Greg Dyke on Broadcasting

Despite the spin, the BBC's direction will be unchanged

For those, like me, who are strong supporters of the BBC and believe it is an important force for good in British society, the Secretary of State Tessa Jowell did a pretty effective job with her Green Paper on the future of the BBC.

For those, like me, who are strong supporters of the BBC and believe it is an important force for good in British society, the Secretary of State Tessa Jowell did a pretty effective job with her Green Paper on the future of the BBC.

On the most important issues she came down fairly and squarely on the side of the corporation. She decided quite clearly that it should continue to be funded by the licence fee for another decade, that the licence fee income should all go to the BBC, and that the it should continue with all of its existing services on television, radio and the internet. In fact, it was so much game, set and match to the BBC that you have to ask what all the fuss was about in the first place.

This is not to say that the Green Paper has everything right. There are some pretty odd things buried in the document; like how in the future the BBC will only be able to buy the US movies which other terrestrial broadcasters don't want - not a recommendation that will go down well with the American studios (including Mr Murdoch's Fox), nor with the British public, who will be denied the best movies on free TV at Christmas.

Of course, as always, the whole thing was surrounded by spin and public relations efforts from both the Government and the BBC. Michael Grade expressed disappointment that the governors were being scrapped, when no such thing was really happening, and Tessa Jowell complained about derivative programming without naming any; these are just two examples.

Wouldn't it be nice if something done by this Government wasn't drowned in spin? Why couldn't Tessa have just got up and said what she really believes: that the BBC is a great British invention, that all over the world people admire it and envy Britain for having it and that her Government wanted it to get stronger not weaker in the digital age; and then sat down. But I suppose all that spin was inevitable as Jowell had to make herself look tough and the BBC had to make it look like it was disappointed, which is why the story about "BBC governors being scrapped" was leaked in advance.

The one area which is still a complete mess, however is the Secretary of State's proposal on how the BBC is governed. The proposals are a mess because it is hard to see how they meet the aims of a more accountable BBC. The governors would disappear to be replaced by a BBC trust, which is not really a trust at all, and the BBC would be run by an executive board which, for the first time, would have non-executive directors as members.

In these circumstances all the real power would be with the executive board, and yet the proposal is that it would be chaired by the director general. But he works for the chairman of the trust, who would be Michael Grade, so how would it be different? And what would happen when the executive board - with non-executives - disagrees with the trust board? Where would that leave the director general? Would he take orders from his board, the trust board or Michael Grade?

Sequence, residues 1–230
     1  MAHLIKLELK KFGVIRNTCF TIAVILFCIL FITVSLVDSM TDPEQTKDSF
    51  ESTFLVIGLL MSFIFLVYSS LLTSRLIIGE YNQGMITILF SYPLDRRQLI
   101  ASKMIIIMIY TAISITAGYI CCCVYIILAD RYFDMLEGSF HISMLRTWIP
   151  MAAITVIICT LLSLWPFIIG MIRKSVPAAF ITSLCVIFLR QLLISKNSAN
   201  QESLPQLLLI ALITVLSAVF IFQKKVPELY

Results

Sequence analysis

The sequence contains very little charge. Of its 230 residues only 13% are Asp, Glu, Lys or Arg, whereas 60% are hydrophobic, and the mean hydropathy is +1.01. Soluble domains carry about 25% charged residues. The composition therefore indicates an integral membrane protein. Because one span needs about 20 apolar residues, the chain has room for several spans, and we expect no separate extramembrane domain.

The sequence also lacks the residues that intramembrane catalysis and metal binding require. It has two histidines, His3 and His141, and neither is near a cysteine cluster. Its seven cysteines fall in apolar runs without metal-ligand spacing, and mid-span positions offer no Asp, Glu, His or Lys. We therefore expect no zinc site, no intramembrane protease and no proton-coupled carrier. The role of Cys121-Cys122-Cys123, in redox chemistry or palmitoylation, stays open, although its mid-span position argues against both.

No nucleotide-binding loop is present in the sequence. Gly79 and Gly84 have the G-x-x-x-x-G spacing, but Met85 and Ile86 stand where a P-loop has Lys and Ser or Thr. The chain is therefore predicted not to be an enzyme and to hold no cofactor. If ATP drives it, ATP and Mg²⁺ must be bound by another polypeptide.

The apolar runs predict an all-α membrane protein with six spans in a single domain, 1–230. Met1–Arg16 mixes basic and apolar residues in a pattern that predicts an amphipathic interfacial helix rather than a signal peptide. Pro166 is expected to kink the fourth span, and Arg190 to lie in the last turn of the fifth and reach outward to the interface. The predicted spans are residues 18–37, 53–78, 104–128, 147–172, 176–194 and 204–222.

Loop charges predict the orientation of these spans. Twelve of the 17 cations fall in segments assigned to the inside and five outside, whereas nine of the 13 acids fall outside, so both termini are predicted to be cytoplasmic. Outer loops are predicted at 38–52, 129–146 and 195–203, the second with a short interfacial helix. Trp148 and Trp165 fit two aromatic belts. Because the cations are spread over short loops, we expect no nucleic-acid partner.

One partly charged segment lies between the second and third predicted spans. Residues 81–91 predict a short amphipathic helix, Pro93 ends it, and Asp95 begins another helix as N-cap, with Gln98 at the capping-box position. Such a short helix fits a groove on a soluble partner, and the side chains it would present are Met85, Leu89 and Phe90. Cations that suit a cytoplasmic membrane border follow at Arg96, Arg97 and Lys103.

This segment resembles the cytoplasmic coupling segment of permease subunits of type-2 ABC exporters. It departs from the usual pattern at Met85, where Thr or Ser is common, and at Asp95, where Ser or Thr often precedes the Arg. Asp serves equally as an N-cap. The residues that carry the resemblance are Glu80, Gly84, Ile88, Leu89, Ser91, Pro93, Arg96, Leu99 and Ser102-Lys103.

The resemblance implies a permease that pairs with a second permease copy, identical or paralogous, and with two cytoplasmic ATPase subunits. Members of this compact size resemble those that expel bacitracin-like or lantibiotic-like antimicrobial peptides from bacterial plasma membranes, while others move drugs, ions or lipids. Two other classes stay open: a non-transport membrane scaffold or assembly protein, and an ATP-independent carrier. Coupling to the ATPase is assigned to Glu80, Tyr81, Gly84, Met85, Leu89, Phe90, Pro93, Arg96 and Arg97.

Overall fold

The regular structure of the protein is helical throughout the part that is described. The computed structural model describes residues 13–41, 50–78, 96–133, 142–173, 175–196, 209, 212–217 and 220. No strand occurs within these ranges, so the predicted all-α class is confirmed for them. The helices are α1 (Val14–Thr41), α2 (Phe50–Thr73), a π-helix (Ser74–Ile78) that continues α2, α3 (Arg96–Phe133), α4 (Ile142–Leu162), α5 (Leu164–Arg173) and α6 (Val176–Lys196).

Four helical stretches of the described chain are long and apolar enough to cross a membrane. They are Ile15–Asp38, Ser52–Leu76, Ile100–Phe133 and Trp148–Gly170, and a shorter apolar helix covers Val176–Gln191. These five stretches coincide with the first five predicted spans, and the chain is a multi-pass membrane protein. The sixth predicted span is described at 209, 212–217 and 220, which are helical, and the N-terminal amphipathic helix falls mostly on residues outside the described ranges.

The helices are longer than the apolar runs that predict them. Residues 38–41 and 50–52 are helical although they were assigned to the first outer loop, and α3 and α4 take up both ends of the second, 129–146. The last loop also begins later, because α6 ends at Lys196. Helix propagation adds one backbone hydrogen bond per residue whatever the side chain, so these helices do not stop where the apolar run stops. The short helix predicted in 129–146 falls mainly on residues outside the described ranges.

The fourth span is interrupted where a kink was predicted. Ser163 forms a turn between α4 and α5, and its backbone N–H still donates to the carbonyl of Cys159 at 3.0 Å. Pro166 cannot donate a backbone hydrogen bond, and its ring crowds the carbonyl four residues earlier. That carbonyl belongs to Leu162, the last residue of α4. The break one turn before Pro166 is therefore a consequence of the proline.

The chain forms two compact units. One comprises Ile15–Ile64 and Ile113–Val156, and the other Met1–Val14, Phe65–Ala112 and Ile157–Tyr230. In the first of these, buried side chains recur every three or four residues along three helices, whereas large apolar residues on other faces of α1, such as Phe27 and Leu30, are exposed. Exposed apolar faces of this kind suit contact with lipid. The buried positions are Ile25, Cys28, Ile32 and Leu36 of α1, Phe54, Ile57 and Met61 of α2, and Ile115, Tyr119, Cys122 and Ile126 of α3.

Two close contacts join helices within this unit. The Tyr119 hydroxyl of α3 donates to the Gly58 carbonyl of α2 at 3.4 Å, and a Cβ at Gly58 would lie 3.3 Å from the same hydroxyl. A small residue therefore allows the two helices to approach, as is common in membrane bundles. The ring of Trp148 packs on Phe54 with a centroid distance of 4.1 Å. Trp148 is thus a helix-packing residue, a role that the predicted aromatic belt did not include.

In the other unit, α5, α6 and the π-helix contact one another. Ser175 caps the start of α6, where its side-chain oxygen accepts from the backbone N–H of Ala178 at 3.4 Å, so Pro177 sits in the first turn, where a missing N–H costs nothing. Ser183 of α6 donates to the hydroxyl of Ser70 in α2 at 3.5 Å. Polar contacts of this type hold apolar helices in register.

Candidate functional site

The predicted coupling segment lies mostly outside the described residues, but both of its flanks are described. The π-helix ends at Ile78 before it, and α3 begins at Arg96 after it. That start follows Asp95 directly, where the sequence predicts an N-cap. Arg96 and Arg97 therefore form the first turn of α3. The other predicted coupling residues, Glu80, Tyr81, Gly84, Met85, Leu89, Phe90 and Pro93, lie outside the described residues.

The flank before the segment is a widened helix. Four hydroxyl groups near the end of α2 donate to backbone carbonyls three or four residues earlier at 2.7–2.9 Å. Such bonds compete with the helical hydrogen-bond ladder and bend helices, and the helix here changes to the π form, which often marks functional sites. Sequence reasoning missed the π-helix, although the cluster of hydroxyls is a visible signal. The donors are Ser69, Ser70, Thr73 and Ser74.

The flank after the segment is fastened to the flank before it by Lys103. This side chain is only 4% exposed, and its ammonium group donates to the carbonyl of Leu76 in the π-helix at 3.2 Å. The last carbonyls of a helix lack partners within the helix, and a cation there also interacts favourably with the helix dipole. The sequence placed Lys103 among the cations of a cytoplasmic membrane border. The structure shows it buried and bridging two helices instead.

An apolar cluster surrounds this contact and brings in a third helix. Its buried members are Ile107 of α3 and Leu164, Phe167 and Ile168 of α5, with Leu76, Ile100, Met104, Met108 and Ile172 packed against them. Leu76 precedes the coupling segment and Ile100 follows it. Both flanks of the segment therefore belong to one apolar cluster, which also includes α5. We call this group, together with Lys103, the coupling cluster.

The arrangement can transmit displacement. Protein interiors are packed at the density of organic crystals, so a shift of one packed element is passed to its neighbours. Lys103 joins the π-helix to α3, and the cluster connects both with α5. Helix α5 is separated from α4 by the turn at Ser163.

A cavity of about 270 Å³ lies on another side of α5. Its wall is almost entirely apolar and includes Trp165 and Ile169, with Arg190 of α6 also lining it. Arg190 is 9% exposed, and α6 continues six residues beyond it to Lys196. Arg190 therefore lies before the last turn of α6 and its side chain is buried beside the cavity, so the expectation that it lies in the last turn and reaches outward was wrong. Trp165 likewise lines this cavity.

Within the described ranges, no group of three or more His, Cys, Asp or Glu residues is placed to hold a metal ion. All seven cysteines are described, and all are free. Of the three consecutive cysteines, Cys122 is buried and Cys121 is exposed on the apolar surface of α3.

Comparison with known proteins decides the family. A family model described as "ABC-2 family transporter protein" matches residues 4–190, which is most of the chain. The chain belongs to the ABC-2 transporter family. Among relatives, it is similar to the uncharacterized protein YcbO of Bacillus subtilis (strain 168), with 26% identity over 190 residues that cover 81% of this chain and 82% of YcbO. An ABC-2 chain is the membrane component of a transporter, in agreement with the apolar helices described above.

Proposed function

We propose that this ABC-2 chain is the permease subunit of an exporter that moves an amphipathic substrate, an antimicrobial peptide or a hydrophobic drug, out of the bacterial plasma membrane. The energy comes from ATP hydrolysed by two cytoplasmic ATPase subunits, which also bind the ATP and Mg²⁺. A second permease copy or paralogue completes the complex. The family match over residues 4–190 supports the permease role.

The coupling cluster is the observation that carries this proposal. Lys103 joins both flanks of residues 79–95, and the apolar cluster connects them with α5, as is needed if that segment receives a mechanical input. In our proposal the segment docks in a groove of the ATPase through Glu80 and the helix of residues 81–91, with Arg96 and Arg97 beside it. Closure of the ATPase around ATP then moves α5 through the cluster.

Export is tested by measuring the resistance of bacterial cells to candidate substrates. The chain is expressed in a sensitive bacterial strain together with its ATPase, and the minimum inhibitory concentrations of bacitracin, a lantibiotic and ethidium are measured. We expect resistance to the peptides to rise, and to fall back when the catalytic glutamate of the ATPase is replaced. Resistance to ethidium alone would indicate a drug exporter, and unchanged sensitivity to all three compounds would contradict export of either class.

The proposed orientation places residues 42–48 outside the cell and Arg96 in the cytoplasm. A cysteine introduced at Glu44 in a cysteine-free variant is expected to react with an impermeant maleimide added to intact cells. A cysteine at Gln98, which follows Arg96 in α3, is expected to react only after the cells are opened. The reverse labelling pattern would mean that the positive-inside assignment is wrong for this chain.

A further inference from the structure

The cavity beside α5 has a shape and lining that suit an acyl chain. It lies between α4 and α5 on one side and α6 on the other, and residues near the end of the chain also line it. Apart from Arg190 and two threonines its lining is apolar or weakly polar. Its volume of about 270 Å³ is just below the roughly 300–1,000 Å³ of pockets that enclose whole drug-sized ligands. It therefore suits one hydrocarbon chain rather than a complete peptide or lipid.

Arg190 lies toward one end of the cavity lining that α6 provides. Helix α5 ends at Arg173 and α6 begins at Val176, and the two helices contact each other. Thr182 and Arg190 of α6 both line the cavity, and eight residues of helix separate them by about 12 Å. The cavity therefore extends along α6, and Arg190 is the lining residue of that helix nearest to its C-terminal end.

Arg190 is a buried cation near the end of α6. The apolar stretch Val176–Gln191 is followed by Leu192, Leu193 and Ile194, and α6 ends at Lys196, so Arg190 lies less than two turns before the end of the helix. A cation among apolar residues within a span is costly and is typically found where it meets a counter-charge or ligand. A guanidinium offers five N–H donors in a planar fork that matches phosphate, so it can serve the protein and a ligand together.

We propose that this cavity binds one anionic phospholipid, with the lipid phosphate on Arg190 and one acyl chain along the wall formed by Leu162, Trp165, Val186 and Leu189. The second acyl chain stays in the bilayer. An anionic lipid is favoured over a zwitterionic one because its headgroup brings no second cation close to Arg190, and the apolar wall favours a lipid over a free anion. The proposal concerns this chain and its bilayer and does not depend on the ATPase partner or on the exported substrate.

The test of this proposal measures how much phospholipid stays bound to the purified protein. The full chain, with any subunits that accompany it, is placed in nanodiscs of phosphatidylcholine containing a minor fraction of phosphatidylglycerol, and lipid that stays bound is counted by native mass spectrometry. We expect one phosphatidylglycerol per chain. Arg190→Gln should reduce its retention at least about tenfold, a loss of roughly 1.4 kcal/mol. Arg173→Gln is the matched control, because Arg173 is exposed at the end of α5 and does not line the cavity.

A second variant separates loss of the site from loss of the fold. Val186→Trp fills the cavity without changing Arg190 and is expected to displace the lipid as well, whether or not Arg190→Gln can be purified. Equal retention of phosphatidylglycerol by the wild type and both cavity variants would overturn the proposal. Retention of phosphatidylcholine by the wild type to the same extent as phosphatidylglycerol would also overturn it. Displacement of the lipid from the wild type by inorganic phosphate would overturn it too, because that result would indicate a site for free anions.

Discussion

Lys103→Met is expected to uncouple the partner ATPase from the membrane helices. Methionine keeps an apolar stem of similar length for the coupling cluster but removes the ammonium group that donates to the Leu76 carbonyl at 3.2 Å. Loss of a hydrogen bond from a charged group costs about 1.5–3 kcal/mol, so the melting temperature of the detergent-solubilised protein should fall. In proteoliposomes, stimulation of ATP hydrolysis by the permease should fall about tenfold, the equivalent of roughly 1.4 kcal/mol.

It has the potential to be totally confusing, and it is very difficult to see how all this would give us the clear structural separation between delivery and oversight, which is what the Green Paper says the Government wants.

But no matter, because it probably won't happen anyway. Governance is the one significant area where the Liberals and Tories are in agreement, along with the Burns committee and Ofcom. All want a much clearer separation between delivery and oversight, and, as a result, the proposals will probably be changed drastically when they hit the Lords, where those two parties have a majority. This is even more likely to happen if Downing Street doesn't demonstrably support the current proposal. It has been suggested it may not. But all of this is detail, because power in the BBC has always been with the director general, the executive and the staff anyway. The important thing is that the Government is committed to the licence fee, committed to a properly funded BBC, and committed to the BBC continuing to broadcast all of its current services.

For that we should be grateful to Tessa Jowell.

Sofa so bad for GMTV's Holmes

I have read with great interest in the popular press the range of reasons Eamonn Holmes has given for why he's decided it's time to leave GMTV. It now seems that he didn't like the place much, even though he was there for more than a decade, and he didn't think there was enough serious content on the programme. In saying this Eamonn has upset quite a lot of his GMTV colleagues. They were surprised to read that he had wanted to do more journalistic presenting on location, as they had never noticed that Eamonn being very enthusiastic to go on the road. There are also doubts about his version of the events that led to his departure.

What I hear is that it was contract renegotiation time again and, as usual, Eamonn's people came in with enormous wage demands. This is not an unusual tactic and most agents use it at some time or another; they threaten that their artist will walk if he or she is not paid vast amounts.

In the past this has worked for Eamonn, but this time the GMTV management decided they wouldn't play. Eamonn was already very expensive and only worked 30-odd weeks of the year. So they told Eamonn's people that, in the circumstances, they wouldn't renew his contract. Eamonn was on his way out.

This fits with the strategy I've always used when dealing with "talent" - just keep telling them they are wonderful until you can't stand them any longer. Then it's time for them to go.

media@independent.co.uk

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